Thursday, August 5, 2010

Christian Freedom, Part II

After several days of slacking, I am back in The Institutes.  Those of you following along in the McNeill edition have probably been thinking "when are we ever going to do this last section for volume 1?"  Well kids, today is the day!

Calvin cautions his readers to choose wisely in their freedom.  They should be careful not to offend others, especially those weak in their faith, with their new-found freedom.  Therefore they should abstain from practices that might damage another believer's faith.  "For they ought to think that from their freedom they obtain nothing new in men's sight but before God, and that it consists as much in abstaining as in using.  If they understand that it makes no difference in God's sight whether they eat meat or eggs, wear red or black clothes, this is enough and more."  God has commended the weak to us, therefore we must take care in exercising our freedom not to further weaken their faith.

Next, he distinguishes between offenses given versus offenses received.  An offense given is one that if someone causes a simple person to stumble, then it will be counted as an offense.  Even if the action would not otherwise be considered an offense.  Paul uses the example of those who eat meat versus those who might be offended by it.  1 Corinthians 8:9-13 reads, "But beware lest somehow this liberty of yours become a stumbling block to those who are weak. For if anyone sees you who have knowledge eating in an idol’s temple, will not the conscience of him who is weak be emboldened to eat those things offered to idols? And because of your knowledge shall the weak brother perish, for whom Christ died? But when you thus sin against the brethren, and wound their weak conscience, you sin against Christ. Therefore, if food makes my brother stumble, I will never again eat meat, lest I make my brother stumble." An offense received is anything that would not by itself be considered an offense, but by ill will or malicious intent it becomes an offense.  The example Calvin uses for an offense received is that of the Pharisees.  They performed all sorts of actions like praying on the street corner or giving alms to the poor.  These practices by themselves are not offensive, but when they are done with the intent to draw attention to the doer of them rather than as a response to God's love, then they become an offense.

We are called to be able to distinguish between the weak and the Pharisees if we are to properly exercise or refrain from our Christian freedoms.  Paul set an example for us in the fact that he circumcised Timothy (Acts 16:3) but did not circumcise Titus (Galatians 2:3).  Calvin sets forth a rule for us to use as a guide when determining whether or not to exercise our freedom: "we should use our freedom if it results in the edification of our neighbor, but if it does not help our neighbor, then we should forgo it."

Only those things which are indifferent and not other offenses which are always sinful are what Calvin is talking about in this chapter.  Therefore we should be careful to not offend God under the pretext of loving our neighbor by exercising our freedom.  Calvin ranks freedom below love which "abides under purity of faith."  He then turns to the Roman church and some of their practices.  The church calls some of their practices "milk" like Paul wrote in 1 Corinthians 3:2.  Calvin claims that this cannot be milk "for milk is not poison."  These false practices performed in the Roman church do not build up the believers, but only fill them with superstition and false hope.  We have been freed from any man-created observances.  Calvin says, "Paul does not hesitate to say that Christ's death is nullified if we put our souls under men's subjection."  It is not the law we must obey, but Christ.  Galatians 2:21 reads, "I do not set aside the grace of God; for if righteousness comes through the law, then Christ died in vain."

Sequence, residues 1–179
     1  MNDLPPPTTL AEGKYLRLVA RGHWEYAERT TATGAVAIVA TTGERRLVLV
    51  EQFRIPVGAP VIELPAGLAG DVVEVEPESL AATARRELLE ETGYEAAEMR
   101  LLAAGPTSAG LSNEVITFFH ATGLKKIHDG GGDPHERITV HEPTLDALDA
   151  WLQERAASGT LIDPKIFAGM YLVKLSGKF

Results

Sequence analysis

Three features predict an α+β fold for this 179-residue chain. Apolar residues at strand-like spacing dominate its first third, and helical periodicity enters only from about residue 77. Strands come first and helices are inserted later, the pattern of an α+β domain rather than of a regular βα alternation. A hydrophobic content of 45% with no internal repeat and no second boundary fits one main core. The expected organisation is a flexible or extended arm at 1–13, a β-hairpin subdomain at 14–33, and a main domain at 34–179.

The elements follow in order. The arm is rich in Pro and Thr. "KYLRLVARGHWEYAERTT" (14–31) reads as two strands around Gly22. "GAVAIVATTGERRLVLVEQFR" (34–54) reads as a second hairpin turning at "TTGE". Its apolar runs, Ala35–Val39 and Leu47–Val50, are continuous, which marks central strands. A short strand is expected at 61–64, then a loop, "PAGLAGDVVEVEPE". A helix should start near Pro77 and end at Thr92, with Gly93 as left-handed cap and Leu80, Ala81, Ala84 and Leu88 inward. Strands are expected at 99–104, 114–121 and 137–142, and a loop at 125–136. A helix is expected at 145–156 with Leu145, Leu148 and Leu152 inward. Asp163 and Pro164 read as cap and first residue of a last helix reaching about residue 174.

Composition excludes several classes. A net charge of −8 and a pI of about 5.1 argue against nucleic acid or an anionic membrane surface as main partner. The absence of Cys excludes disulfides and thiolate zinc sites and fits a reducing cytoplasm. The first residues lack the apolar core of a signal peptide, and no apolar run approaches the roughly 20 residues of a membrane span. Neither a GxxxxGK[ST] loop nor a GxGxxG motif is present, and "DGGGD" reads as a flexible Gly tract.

Calvin speaks of a distinction between two kingdoms: the spiritual and the political.  The spiritual kingdom is that whereby the conscience is instructed.  It deals with inner mind.  The political kingdom is where man is educated for the duties of humanity and citizenship.  It deals with outward behavior.  Calvin tells us to recognize the distinction.  As Christian, we are still subject to the laws of the land even though our consciences are free in God's sight.  Often men fail to make this distinction clearly enough.  He tries to clear up the distinction by making these two statements: "...through the mind and understanding men grasp a knowledge of things, and from this are said 'to know,'" then, "so also when they have a sense of divine judgment...this sense is called 'conscience.'"

To further define "conscience," Calvin writes, "Therefore, as works have regard to men, so conscience refers to God.  A good conscience, then, is nothing but inward integrity of heart."  Calvin insists that even though a good conscience is sometimes credited to men such as in Acts 24:16, truly it belongs to God.  However, the fruit of a good conscience can be seen in men's actions.  Calvin concludes by reiterating a previously made point with a slight addendum, "For we ought to abstain from anything that might cause offense, but with a free conscience."

Tomorrow's reading: 3.20.1-3.20.6

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